Great news! And it’s not about the Dacia Sandero.
After a marathon 2-month study program, 8 hours in the exam room, and 6 weeks of suspense, the California Board for Professional Engineers sent me my shiny new Engineer-in-Training certificate. That’s right, I passed the FE/EIT exam!
In hindsight, I feel a bit silly for making such a big deal out the test.
The FE Review Manual and its practice tests were, in fact, more difficult than the actual exam. I had heard this in advance, and I’m sure this is by design. If you’re prepared to handle more difficult or time-consuming problems (or just a greater proportion of hard, tedious problems) then the real exam will seem easier in comparison.
So the good news is that if you buy the book, do the homework, and take at least one or two practice exams (on the clock!), you will be more than prepared to crush the real thing on exam day. On my practice tests, I was racing the clock. On the real exam, I finished the afternoon session an hour and a half early.
However, it’s something of an anticlimax. Gaining this certification earns one…the right to take another exam. I won’t be doing anything with it up front. However, I feel good about meeting my objective of re-learning the material. Sure, for the exam, it’s all about learning the quickest way to answer the most questions.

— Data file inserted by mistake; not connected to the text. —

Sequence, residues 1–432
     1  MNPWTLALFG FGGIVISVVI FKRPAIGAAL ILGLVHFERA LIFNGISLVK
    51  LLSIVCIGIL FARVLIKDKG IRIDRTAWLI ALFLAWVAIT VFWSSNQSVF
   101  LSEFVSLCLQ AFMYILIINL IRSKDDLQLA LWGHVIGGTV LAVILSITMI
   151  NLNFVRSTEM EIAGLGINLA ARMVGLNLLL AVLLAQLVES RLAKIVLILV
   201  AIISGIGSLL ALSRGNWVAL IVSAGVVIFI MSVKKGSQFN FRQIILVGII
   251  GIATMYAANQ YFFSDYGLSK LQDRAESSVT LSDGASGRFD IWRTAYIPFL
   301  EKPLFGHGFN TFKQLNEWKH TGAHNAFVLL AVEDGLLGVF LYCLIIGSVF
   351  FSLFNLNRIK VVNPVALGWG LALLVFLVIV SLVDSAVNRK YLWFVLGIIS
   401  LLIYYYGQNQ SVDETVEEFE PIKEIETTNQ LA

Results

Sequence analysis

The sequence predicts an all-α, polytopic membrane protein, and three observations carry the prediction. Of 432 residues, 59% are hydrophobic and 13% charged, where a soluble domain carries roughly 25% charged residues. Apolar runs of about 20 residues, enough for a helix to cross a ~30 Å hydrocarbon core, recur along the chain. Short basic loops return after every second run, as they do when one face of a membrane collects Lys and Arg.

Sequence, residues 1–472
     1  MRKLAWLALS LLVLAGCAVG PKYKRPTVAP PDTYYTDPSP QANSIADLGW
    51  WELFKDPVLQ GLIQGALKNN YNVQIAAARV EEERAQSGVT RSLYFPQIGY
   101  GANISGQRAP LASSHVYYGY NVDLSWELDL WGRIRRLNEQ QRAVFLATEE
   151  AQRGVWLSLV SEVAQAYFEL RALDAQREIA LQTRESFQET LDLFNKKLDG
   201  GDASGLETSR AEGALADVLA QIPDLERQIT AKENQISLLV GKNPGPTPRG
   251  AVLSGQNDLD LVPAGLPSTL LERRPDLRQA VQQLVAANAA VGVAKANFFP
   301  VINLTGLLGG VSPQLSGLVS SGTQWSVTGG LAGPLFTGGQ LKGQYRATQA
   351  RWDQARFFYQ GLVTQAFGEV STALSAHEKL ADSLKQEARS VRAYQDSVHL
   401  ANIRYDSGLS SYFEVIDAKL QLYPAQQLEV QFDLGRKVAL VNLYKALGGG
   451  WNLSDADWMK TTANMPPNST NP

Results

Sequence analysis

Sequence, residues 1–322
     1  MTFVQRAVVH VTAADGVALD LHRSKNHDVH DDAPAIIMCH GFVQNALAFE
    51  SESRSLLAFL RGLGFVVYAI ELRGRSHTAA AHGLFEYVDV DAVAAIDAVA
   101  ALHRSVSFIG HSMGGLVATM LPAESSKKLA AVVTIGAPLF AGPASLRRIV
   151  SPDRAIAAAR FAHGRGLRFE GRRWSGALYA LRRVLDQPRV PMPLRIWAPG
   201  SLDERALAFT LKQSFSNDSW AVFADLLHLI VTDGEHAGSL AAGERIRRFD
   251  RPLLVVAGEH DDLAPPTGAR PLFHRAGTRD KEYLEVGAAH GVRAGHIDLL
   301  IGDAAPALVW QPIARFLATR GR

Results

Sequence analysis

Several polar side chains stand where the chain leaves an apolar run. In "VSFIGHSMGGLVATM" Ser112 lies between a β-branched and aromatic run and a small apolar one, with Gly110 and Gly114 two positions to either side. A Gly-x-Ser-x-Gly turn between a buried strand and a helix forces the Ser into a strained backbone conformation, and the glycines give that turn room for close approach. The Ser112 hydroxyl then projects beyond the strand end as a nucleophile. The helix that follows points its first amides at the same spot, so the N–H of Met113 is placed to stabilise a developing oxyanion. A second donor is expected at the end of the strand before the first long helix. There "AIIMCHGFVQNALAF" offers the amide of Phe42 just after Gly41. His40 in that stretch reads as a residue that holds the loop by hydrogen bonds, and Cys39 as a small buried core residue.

In the long run,what makes an engineer isn’t the ability to do arbitrary math problems, it’s the ability to see how math is applied in real-world situations. Nor is it the ability to solve textbook engineering word problems, but the ability to have a real-world situation thrown at you, with all its complications, and draw from an arsenal of tools to tackle it. Your judgment tells you which are the right principles to apply, which equations describe the system, which complications can be safely ignored, and which complications are essential to an accurate description of the system.
And you never know when familiarity with the fundamentals will come in handy. For instance, soon after my exam, I interviewed for a position in hardware engineering for consumer devices. More than a couple of my interviewers posed questions involving stress and mechanics. Preparing for the exam totally refreshed my mind on this material, some of it for the first time since college, and I handled it like an expert!